“I feel fine,” she told reporters. “I’m going to have a go at the mile for a double.”
One hour later, the 21-year-old Ms. Leather became the first woman to run a mile in under five minutes, propelling herself forward in one last surge of strength to finish in 4 minutes and 59.6 seconds. It was an achievement, the Associated Press reported, that was “not long ago considered virtually unattainable by women.”
And because of concerns over women’s frailty, it was not officially a “world record.” Though clocked by official timekeepers and long recognized as valid, Ms. Leather’s barrier-breaking runs were merely considered “world bests.” The IAAF did not recognize women’s mile and 1,500-meter records until 1967.
Ms. Leather, who soon retired from running and worked for more than four decades as a social worker in England, helping bereaved families and foster children who rarely knew of her exploits on the track, died Sept. 5 at a hospital in Truro, in the English county of Cornwall. She was 85 and had recently suffered a stroke, said her son Matthew Charles.
A onetime lacrosse and field hockey player, Ms. Leather had taken up running only after watching television broadcasts of the 1952 Helsinki Olympics, where women competed in sprints and jumps but were barred from middle- or long-distance events. At longer distances, observers said, their bodies might simply break down: The last time women had competed in the 800 meters at the Olympics, in 1928, six runners had “collapsed” at the finish line. “Even this distance makes too great a call on feminine strength,” the New York Times reported.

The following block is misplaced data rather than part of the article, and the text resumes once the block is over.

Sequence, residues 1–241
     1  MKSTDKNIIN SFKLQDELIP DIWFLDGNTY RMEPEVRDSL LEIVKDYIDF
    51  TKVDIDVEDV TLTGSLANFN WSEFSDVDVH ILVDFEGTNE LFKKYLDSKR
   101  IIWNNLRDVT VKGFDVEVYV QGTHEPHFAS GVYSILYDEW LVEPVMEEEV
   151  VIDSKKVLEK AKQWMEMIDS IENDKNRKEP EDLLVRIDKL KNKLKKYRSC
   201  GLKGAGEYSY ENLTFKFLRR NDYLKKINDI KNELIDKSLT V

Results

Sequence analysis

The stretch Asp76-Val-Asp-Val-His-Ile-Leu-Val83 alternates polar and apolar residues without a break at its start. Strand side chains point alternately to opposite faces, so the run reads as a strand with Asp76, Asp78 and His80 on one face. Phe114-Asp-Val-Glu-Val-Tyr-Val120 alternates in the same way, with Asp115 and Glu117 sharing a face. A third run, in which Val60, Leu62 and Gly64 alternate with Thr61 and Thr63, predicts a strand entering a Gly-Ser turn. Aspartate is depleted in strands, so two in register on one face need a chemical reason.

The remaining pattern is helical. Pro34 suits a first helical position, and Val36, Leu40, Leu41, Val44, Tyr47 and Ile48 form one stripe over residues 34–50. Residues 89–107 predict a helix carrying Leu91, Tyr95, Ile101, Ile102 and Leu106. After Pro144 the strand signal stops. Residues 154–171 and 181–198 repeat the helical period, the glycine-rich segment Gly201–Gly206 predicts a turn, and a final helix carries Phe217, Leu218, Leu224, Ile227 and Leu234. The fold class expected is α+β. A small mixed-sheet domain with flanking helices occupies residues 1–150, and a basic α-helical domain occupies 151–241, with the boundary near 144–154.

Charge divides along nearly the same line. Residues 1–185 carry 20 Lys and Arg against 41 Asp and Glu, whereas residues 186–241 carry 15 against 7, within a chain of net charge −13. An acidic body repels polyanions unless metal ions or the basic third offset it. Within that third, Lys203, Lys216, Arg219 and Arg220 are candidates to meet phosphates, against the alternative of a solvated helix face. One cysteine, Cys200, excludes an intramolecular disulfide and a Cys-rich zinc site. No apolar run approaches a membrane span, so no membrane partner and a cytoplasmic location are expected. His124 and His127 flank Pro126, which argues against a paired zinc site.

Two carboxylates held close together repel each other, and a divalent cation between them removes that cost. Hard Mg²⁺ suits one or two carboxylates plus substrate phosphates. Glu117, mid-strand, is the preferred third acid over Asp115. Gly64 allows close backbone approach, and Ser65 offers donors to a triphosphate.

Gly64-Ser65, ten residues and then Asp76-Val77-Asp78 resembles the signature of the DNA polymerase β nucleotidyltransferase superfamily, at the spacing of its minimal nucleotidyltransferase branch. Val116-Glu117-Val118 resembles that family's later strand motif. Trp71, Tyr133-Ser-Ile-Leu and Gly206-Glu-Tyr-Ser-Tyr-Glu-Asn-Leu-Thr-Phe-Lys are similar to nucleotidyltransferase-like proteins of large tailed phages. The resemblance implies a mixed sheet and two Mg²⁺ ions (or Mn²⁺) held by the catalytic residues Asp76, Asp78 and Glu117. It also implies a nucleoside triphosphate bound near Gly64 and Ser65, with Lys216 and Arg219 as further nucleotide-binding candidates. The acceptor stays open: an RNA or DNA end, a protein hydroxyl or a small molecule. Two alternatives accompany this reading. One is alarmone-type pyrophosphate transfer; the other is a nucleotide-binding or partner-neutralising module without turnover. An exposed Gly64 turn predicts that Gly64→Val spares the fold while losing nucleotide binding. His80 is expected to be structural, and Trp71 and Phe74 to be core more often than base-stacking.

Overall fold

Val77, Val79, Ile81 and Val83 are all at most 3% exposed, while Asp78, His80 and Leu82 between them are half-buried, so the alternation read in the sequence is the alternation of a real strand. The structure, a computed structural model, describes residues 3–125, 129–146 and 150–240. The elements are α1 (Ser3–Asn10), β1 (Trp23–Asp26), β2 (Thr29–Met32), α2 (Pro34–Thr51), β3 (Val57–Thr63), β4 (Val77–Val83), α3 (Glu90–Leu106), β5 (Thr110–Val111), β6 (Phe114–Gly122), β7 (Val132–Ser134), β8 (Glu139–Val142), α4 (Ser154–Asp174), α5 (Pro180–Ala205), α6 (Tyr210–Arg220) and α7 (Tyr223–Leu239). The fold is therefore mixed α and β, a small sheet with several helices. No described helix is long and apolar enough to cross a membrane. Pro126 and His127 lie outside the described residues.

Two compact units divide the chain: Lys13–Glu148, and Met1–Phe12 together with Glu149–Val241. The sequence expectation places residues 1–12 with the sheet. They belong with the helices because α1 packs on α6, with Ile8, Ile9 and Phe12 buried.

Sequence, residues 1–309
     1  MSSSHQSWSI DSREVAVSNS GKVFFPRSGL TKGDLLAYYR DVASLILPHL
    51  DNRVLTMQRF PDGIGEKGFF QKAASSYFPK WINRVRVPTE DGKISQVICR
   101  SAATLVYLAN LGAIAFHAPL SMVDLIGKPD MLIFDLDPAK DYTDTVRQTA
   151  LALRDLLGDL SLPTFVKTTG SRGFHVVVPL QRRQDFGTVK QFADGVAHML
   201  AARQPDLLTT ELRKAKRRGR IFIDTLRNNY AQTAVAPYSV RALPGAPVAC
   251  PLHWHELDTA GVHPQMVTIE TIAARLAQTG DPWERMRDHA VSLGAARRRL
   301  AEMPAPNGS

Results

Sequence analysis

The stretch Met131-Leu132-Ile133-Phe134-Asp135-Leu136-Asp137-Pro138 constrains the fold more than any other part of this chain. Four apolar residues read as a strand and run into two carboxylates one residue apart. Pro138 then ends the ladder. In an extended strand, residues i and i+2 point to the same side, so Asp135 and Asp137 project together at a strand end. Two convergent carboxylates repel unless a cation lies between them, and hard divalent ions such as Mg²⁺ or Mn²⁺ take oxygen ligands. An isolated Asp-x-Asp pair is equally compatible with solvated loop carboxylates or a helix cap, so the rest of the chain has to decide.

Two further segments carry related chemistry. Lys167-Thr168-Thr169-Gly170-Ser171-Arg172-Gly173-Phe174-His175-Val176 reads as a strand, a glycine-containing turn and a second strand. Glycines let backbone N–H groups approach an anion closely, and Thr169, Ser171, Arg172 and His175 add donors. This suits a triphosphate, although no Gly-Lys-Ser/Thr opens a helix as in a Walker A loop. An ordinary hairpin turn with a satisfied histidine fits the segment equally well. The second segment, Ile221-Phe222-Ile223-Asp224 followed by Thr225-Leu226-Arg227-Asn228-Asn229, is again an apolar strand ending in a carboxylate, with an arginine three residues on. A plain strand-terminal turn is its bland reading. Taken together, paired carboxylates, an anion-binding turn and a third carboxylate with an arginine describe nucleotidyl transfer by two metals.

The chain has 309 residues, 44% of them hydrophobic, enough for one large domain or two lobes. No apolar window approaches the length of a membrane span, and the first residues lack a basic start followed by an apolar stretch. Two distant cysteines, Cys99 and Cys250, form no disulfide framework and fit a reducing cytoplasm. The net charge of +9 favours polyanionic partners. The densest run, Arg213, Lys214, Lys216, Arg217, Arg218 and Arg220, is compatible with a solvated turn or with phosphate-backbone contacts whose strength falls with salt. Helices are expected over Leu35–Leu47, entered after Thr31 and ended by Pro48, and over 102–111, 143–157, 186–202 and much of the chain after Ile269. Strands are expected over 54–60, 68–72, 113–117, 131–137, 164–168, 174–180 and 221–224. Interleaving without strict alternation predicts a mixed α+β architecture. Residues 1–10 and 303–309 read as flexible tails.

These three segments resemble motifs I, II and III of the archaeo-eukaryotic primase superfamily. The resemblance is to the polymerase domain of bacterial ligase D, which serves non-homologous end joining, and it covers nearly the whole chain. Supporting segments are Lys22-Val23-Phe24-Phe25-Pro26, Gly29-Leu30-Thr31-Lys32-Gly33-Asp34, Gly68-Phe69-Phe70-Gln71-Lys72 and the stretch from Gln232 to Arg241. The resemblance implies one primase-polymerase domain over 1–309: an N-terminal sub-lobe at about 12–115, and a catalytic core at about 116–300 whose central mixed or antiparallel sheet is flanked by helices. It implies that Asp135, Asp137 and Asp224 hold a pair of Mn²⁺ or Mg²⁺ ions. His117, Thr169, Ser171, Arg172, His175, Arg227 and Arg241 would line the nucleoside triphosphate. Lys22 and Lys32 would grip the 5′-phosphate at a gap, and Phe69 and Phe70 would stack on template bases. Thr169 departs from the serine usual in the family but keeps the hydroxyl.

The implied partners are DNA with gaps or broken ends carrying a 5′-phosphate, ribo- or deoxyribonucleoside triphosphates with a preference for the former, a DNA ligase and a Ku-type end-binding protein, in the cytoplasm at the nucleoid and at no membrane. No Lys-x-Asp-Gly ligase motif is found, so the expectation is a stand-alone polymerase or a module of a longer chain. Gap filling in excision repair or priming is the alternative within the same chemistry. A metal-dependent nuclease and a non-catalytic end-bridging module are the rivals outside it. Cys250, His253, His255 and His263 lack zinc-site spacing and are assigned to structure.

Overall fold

But it was at those longer events that Ms. Leather most excelled. While studying chemistry at what is now Aston University in Birmingham, she joined the Birchfield Harriers athletic club and came under the tutelage of coach Dorette Nelson Neal. Training five days a week, fueled by a lunchtime diet of kippers, the 5-foot-10 runner set a women’s mile mark within a year with a time of 5 minutes 2.6 seconds.
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With that, the 5-minute barrier seemed on the verge of collapse. Romanian runner Edith Treybal ran a 5:00.3 in late 1953. Then, on May 26, 1954, Ms. Leather came within a stride of her goal, notching a time of 5:00.2.
Her moment of glory came three days later.
“I think I did wake up nervous that day,” she told Britain’s Independent newspaper in 2004. “You always did. The mile was important to me because it had gone down, year after year, to five minutes. Then everyone was saying that someone was going to break it, and it happened to be me.”
Ms. Leather’s achievement came just three weeks after that of another Englishman, Roger Bannister, who broke the four-minute-mile barrier — long considered a human impossibility — on an Oxford track about 70 miles away. Bannister, who died in March at 88, was greeted with international acclaim. Ms. Leather, described in an AP story on her record-setting run as “a good-looking laboratory analyst,” drew short notices and scant attention.